I came out here [after graduating from Syracuse in 1969], had $200 in my pocket and drove across country. I had some Syracuse alumni who were in the TV/movie industry. They were producers and directors. I was doing an interview with them to get into that business. The L.A. Lakers shootout was going on way back then and the Pistons came to town. They were in one of the teams in the shootout. Dave Bing, who was a senior at Syracuse when I was a freshman, was playing, so we went out after the game. They were playing the San Diego Rockets the next night, and I said I had never been to San Diego. I'll come down. There was another Syracuse guy with us and he said, "Look up Max Shapiro." He scouts for them and I just happened to run into Max Shapiro at the game. We started talking. He said he was going to resign his position in two days and wanted to go in a different direction in life. Would I be interested in the job? I go, "Yeah. I don't have a job." I stayed over and interviewed with Pete Newell, the general manager, and they wound up hiring me. Well, Pete knew I played and all that, college ball. He knew my coach so he called my coach, and my coach gave me a good recommendation and they hired me. We had a good draft so here I am 42 years later.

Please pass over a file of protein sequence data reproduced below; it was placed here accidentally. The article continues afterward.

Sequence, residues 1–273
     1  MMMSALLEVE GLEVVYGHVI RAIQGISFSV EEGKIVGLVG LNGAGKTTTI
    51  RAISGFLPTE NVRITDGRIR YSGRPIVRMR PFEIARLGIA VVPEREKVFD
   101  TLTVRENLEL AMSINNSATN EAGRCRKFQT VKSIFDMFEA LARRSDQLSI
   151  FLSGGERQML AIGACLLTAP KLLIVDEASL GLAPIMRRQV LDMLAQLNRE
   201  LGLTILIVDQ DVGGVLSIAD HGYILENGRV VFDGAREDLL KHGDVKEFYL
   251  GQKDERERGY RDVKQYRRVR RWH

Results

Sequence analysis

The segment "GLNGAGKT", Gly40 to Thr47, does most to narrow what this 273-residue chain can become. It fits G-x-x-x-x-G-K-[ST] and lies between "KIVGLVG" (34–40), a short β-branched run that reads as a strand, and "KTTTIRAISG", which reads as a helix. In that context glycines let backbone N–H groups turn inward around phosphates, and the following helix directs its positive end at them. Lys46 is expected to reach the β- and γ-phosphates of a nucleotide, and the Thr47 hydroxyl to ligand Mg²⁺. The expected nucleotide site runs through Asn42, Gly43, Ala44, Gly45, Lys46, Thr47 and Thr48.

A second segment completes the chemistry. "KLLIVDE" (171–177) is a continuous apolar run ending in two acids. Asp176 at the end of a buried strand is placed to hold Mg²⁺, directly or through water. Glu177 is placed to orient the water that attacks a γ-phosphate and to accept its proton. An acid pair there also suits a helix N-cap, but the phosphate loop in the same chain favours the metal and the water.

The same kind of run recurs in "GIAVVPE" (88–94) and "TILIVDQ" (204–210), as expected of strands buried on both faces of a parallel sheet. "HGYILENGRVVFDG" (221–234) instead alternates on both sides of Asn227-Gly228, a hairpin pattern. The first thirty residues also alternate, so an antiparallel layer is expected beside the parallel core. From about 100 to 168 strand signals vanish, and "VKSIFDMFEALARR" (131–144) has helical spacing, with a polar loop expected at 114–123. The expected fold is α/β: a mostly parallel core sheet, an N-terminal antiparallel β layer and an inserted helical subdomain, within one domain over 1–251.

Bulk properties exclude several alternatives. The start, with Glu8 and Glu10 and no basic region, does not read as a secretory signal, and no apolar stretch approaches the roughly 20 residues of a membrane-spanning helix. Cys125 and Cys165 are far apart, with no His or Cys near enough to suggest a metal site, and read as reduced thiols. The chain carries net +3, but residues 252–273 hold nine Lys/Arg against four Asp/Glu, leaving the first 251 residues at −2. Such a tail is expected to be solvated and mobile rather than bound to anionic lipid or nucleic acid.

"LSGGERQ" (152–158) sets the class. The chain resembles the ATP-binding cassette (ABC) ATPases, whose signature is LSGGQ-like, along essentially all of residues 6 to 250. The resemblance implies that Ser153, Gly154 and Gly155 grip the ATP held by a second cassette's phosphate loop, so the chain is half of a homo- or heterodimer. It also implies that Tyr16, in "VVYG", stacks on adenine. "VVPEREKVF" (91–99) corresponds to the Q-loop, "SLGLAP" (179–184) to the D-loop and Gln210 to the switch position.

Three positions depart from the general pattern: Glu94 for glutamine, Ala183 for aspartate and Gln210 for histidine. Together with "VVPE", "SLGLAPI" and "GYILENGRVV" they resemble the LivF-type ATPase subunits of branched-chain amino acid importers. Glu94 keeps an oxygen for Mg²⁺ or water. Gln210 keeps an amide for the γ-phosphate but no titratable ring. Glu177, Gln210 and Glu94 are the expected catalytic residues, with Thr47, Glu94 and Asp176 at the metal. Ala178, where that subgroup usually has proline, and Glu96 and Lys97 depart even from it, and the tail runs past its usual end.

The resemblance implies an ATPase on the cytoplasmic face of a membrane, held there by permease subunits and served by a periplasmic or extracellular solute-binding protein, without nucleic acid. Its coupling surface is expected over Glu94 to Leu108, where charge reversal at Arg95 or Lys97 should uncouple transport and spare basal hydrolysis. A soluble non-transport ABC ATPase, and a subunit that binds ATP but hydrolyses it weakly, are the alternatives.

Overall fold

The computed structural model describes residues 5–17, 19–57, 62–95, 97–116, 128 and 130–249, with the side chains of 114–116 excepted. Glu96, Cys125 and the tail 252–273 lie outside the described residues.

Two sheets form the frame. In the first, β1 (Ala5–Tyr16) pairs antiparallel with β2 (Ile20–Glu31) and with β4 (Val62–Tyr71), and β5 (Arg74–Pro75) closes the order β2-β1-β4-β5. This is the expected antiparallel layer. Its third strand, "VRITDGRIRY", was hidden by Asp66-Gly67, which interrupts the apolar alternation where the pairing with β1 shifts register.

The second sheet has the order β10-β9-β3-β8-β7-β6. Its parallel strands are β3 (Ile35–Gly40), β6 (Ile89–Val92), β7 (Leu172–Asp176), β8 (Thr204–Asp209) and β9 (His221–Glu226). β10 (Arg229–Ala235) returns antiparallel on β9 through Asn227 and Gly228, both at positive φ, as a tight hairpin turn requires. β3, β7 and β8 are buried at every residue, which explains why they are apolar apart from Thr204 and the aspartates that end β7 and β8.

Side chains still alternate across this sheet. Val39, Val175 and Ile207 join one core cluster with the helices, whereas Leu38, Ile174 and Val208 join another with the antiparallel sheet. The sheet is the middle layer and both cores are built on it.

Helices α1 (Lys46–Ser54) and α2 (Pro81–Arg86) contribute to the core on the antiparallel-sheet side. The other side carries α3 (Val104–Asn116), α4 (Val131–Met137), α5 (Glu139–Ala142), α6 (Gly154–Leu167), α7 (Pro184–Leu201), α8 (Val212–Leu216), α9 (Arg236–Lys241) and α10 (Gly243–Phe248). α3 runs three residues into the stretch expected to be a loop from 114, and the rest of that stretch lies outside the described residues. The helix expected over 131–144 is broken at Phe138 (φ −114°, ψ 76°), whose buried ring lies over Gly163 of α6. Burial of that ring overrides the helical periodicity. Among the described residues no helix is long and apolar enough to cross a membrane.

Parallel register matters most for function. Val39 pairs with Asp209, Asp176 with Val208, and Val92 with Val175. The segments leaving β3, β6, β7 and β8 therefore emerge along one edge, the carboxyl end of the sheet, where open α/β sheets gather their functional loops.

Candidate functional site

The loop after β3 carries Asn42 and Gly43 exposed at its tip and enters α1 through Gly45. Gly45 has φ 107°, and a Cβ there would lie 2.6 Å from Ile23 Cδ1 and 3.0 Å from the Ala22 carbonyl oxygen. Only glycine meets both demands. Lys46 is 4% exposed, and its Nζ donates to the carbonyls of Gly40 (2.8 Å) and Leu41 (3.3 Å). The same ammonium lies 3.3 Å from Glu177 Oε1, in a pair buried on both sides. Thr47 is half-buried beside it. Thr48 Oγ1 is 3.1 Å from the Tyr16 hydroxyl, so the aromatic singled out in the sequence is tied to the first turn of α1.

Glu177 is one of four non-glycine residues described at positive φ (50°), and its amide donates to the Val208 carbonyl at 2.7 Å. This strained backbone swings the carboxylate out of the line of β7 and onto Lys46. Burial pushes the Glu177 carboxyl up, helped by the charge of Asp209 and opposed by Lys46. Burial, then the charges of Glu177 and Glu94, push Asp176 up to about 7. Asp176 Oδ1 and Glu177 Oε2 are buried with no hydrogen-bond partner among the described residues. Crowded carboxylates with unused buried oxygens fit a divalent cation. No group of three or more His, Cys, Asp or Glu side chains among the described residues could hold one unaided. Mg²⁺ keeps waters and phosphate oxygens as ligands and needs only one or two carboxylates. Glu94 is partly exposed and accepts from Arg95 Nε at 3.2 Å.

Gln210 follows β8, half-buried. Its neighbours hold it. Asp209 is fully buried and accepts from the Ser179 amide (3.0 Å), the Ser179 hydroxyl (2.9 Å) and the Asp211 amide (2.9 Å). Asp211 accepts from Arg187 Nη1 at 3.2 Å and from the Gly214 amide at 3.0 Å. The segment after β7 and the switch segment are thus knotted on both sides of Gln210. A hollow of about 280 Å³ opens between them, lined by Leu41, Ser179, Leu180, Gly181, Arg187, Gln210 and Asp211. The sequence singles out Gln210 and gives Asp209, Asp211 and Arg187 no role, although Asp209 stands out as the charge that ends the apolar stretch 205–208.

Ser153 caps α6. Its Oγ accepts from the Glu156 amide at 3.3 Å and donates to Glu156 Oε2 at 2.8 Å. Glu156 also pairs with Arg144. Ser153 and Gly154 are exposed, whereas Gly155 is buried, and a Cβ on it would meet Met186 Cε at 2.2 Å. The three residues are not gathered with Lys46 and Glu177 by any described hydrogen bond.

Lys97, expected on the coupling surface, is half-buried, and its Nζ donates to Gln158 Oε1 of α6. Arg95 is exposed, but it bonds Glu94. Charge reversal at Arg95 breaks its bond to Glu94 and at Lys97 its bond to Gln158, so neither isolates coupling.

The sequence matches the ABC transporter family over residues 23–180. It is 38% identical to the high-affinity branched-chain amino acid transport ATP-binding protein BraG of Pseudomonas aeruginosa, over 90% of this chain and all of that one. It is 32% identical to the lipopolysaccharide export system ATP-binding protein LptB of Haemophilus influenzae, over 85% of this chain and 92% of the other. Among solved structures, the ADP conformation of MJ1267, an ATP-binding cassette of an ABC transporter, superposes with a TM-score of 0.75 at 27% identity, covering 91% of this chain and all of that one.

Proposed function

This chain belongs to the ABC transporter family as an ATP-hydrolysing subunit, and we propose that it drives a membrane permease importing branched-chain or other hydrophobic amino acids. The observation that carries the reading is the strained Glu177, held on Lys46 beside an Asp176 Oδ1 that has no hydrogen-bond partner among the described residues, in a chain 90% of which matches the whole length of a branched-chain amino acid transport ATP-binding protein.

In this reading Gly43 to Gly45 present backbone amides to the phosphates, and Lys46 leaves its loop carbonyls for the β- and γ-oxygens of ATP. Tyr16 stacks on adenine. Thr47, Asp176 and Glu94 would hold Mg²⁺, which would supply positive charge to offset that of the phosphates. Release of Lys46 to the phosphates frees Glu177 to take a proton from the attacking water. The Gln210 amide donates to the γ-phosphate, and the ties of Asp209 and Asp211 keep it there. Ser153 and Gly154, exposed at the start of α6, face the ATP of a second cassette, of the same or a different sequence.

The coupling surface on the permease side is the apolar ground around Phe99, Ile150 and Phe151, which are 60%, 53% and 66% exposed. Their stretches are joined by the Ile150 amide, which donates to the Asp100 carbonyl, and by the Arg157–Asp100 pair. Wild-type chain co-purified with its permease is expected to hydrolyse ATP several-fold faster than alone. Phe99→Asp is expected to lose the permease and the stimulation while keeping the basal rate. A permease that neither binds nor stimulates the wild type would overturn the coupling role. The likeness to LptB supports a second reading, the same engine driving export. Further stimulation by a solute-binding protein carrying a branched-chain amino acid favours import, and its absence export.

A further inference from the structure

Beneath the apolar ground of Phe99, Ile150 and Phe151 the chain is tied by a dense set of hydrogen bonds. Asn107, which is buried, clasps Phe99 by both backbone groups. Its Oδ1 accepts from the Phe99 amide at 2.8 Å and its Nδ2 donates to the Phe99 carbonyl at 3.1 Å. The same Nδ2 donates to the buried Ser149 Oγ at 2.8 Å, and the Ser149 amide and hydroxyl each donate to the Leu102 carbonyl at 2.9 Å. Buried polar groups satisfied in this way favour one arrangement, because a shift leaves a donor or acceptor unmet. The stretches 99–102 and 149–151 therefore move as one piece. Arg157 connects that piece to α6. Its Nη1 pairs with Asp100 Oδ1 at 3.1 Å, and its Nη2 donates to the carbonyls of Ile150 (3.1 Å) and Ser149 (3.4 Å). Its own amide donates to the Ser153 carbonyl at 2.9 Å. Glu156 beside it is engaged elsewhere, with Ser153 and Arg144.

What stood out that first year?
It was a six-month deal. If they liked me after six months, they'd keep me. It was an open deal. They needed somebody. They got some young guy cheap. We had a real good draft and then they signed me to a contract.
At the time, were you still pursuing television?
I was pursuing both avenues. I had some offers to go as an assistant coach in college when I graduated. ... Then I was introduced for Wide World of Sports ... as a production assistant and [was among] the last five. I was just like anybody who graduated from college. I was looking to get a job and looking to get into the workforce and I had basketball and I had television on the other hand.
So, you were mentioning earlier, you're the longest-tenured assistant coach in the NBA [42 years]. What has that meant to you?
It's really gone by fast. What's it mean to me? I don't know. I haven't really had time to think about it. I've enjoyed working. I met great people and have been under Hall of Fame coaches and have been under Hall of Fame basketball players. It's been a dream come true. I've learned from all of them starting way back when when my first coach was Alex Hannum. He was a Hall of Fame basketball coach. ... He first started forming me in basketball.